Join us and a panel of female scientists before the 8 PM performance of Paradise on Saturday, April 15, 2017, to discuss the importance of engaging more young women in the STEM fields. Melissa Franklin, the first female physicist to receive tenure at Harvard; Ashli Polanco, Executive Director of Gique; and Sharlene Yang, Cambridge STEAM coordinator, will share personal experiences, strategies, and visions for the future of science.
Melissa Franklin is the Mallinckrodt Professor of Physics at Harvard University. She is an experimental particle physicist who studies proton-proton collisions produced by the Large Hadron Collider. She has worked on the Collider Detector at Fermilab (CDF) since 1983 and was part of the team that discovered the top quark. She is a collaborator on the ATLAS experiment where she works in collaboration with over 3000 physicists. In 2012, ATLAS co-discovered the Higgs boson. She is presently studying the properties of the Higgs boson. Professor Franklin, born and raised in Canada, received her B.Sc. from the University of Toronto and her Doctorate from Stanford University. She worked as a post-doctoral fellow at Lawrence Berkeley Lab, was an assistant professor at the University of Illinois in Champagne/Urbana and was a Junior Fellow in the Society of Fellows at Harvard, before joining the Harvard Faculty in 1989.
Ashli Polanco enjoys combining her passion for dance with her interests in STEM. She attended Boston and Lowell Public schools before attending MIT where she earned her Bachelor of Science degree in Chemistry by 2012. At MIT, Ashli performed and competed with several hip-hop dance teams throughout Boston while interning at the Broad Institute’s Cancer Program performing research on melanoma. Upon graduation, she worked for 3 years as a Process Development Associate at the Broad Institute’s Technology Development Lab and is now pursuing her Ph.D. in Chemical Engineering at the University of Massachusetts at Lowell where her current research project involves the development of polymers and nanocomposite materials for industrial applications. In 2014, Ashli co-founded a non-profit organization named Gique (pronounced “geek”), which exists to inspire and educate youth in science, technology, engineering, art, & math (STEAM) through community educational programs. In 2015, Gique launched its first Science Can Dance! Program where students learned fundamental science topics through dance choreography. Since then, Ashli has led eight other successful Science Can Dance! Programs in Boston, Cambridge, and San Francisco; and the program was featured on PBS NOVA’s School of the Future Series.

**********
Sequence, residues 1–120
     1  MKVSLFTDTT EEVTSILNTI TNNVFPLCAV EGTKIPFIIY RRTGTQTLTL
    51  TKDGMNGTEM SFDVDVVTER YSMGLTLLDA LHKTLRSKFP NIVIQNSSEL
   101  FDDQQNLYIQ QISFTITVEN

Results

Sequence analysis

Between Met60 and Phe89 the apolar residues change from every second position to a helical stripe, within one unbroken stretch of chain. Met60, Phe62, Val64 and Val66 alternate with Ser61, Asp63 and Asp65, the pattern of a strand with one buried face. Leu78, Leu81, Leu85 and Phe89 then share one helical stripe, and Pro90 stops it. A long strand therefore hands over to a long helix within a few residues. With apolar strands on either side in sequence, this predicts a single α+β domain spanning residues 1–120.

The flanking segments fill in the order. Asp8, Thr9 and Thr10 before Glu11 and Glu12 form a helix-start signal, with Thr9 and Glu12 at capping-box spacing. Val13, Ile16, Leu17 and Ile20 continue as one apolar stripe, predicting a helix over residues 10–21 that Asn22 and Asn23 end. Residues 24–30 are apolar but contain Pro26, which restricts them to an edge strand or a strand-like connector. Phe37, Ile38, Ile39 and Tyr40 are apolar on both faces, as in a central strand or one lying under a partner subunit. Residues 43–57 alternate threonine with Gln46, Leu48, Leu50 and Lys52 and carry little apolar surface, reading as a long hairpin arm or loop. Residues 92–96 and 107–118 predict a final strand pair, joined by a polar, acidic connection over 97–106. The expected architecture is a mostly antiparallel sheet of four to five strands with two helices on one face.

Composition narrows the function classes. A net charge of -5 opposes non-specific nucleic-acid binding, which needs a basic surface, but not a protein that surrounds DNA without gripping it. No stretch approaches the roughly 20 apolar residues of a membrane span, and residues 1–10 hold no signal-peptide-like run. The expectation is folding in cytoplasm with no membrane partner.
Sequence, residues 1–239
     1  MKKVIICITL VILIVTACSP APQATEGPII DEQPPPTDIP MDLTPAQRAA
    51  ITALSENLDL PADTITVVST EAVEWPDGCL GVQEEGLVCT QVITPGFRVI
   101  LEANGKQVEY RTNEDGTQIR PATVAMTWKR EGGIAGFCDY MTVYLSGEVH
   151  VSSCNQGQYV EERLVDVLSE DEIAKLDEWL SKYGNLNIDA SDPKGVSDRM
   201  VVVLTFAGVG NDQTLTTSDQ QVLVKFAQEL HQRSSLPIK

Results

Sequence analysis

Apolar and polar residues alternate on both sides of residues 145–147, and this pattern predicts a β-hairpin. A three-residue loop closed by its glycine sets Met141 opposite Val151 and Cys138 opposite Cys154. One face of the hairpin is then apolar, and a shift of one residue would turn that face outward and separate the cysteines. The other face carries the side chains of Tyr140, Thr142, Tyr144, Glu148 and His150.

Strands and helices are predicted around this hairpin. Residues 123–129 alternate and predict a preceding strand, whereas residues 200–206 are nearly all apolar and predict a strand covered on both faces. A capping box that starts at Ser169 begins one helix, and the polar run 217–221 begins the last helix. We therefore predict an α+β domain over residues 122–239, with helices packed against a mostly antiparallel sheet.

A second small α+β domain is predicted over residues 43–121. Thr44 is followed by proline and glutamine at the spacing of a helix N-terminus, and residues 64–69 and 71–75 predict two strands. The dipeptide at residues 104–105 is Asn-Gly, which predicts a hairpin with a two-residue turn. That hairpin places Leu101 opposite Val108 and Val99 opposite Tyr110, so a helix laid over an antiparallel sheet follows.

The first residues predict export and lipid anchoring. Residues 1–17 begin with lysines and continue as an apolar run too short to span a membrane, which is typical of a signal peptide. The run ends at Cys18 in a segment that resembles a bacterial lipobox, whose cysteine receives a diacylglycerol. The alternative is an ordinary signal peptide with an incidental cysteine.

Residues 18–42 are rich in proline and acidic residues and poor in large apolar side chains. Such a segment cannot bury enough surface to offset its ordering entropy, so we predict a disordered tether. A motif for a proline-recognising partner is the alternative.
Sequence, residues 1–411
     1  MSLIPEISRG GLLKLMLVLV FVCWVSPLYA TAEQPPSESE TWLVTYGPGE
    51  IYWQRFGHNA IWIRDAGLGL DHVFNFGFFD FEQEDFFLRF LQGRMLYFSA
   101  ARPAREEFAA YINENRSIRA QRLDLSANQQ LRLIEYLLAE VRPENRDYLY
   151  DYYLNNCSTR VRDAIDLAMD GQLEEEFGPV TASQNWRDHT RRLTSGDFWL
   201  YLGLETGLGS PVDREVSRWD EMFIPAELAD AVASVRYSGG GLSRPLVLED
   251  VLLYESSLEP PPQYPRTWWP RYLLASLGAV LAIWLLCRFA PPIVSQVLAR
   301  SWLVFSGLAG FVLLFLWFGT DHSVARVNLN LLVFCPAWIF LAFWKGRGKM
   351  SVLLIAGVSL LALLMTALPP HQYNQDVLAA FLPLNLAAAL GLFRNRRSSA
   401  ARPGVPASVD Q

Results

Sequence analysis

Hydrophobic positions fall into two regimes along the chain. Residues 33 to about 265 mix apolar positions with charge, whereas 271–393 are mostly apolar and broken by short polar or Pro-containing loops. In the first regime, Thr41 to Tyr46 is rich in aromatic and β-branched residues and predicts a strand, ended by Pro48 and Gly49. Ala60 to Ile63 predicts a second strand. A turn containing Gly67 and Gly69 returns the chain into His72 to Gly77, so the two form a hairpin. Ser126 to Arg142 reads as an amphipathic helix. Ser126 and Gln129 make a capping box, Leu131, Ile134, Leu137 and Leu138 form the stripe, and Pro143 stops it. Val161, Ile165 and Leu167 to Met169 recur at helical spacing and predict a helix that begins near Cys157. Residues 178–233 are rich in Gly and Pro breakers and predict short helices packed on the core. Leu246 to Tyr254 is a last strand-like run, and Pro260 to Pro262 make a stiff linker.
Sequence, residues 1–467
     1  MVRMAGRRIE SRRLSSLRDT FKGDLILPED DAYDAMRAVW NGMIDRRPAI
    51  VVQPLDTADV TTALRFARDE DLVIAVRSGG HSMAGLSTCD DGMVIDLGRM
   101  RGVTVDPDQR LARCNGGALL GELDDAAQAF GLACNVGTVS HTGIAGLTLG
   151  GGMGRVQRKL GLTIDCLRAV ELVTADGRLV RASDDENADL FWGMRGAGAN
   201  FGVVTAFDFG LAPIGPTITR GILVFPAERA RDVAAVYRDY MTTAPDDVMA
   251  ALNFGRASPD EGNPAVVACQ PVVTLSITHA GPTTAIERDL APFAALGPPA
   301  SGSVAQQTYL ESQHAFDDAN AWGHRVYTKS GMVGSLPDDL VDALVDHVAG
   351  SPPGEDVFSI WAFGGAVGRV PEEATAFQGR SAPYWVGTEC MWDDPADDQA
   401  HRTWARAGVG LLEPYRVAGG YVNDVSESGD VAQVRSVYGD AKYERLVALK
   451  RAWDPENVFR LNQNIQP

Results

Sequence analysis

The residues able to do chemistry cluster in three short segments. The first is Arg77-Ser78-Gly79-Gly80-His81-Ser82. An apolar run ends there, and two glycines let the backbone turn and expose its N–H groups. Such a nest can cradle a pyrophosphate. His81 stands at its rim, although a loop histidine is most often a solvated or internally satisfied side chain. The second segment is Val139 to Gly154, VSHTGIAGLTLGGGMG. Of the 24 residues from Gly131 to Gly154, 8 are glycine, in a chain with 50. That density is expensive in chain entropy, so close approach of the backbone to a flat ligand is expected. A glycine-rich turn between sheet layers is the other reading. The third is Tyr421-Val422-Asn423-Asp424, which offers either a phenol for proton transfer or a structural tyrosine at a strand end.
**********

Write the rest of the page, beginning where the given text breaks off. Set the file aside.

Sharlene Yang is the new STEAM Coordinator for the City of Cambridge, a role that reports jointly to the School Department and the City, responsible for expanding and supporting a system of high quality STEAM learning opportunities. Sharlene has a varied background in STEM and STEAM education, which combines working with classroom and out of school time teachers to develop programs and curricula, and experience as a classroom Biology teacher at the High School Extension Program and CRLS. During her tenure at the Museum of Science, where she worked as Partnership Director and Professional Development Director, Sharlene brought the Engineering is Elementary curriculum to partners around the country, training staff, developing teacher guides and materials, and demonstrating effective engineering content and project-based instruction. More recently, she has organized large community-oriented STEAM events in collaboration with city, school and community-based programs and the EL STEAM Network. Sharlene holds a Masters of Teaching in Science Education from Tufts University, a Masters of Science in Psychology from the University of Michigan, and a Bachelors degree in Biology and Psychology from Cornell University.